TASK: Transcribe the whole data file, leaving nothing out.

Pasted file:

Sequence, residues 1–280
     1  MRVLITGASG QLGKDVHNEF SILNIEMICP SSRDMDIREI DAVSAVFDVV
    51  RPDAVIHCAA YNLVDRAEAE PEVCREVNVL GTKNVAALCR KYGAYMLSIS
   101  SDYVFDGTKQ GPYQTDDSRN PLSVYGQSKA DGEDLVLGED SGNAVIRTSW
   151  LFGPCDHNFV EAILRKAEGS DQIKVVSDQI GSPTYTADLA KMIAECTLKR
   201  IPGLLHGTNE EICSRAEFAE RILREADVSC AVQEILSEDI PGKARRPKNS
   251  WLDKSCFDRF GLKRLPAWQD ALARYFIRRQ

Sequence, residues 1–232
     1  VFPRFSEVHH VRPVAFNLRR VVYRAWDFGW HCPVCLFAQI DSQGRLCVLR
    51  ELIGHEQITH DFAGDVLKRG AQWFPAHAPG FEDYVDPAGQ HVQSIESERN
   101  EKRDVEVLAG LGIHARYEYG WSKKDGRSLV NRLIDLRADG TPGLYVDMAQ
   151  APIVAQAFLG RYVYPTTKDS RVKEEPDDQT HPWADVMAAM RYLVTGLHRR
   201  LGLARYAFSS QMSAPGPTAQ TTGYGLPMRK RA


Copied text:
Sequence, residues 1–280
     1  MRVLITGASG QLGKDVHNEF SILNIEMICP SSRDMDIREI DAVSAVFDVV
    51  RPDAVIHCAA YNLVDRAEAE PEVCREVNVL GTKNVAALCR KYGAYMLSIS
   101  SDYVFDGTKQ GPYQTDDSRN PLSVYGQSKA DGEDLVLGED SGNAVIRTSW
   151  LFGPCDHNFV EAILRKAEGS DQIKVVSDQI GSPTYTADLA KMIAECTLKR
   201  IPGLLHGTNE EICSRAEFAE RILREADVSC AVQEILSEDI PGKARRPKNS
   251  WLDKSCFDRF GLKRLPAWQD ALARYFIRRQ

Sequence, residues 1–232
     1  VFPRFSEVHH VRPVAFNLRR VVYRAWDFGW HCPVCLFAQI DSQGRLCVLR
    51  ELIGHEQITH DFAGDVLKRG AQWFPAHAPG FEDYVDPAGQ HVQSIESERN
   101  EKRDVEVLAG LGIHARYEYG WSKKDGRSLV NRLIDLRADG TPGLYVDMAQ
   151  APIVAQAFLG RYVYPTTKDS RVKEEPDDQT HPWADVMAAM RYLVTGLHRR
   201  LGLARYAFSS QMSAPGPTAQ TTGYGLPMRK RA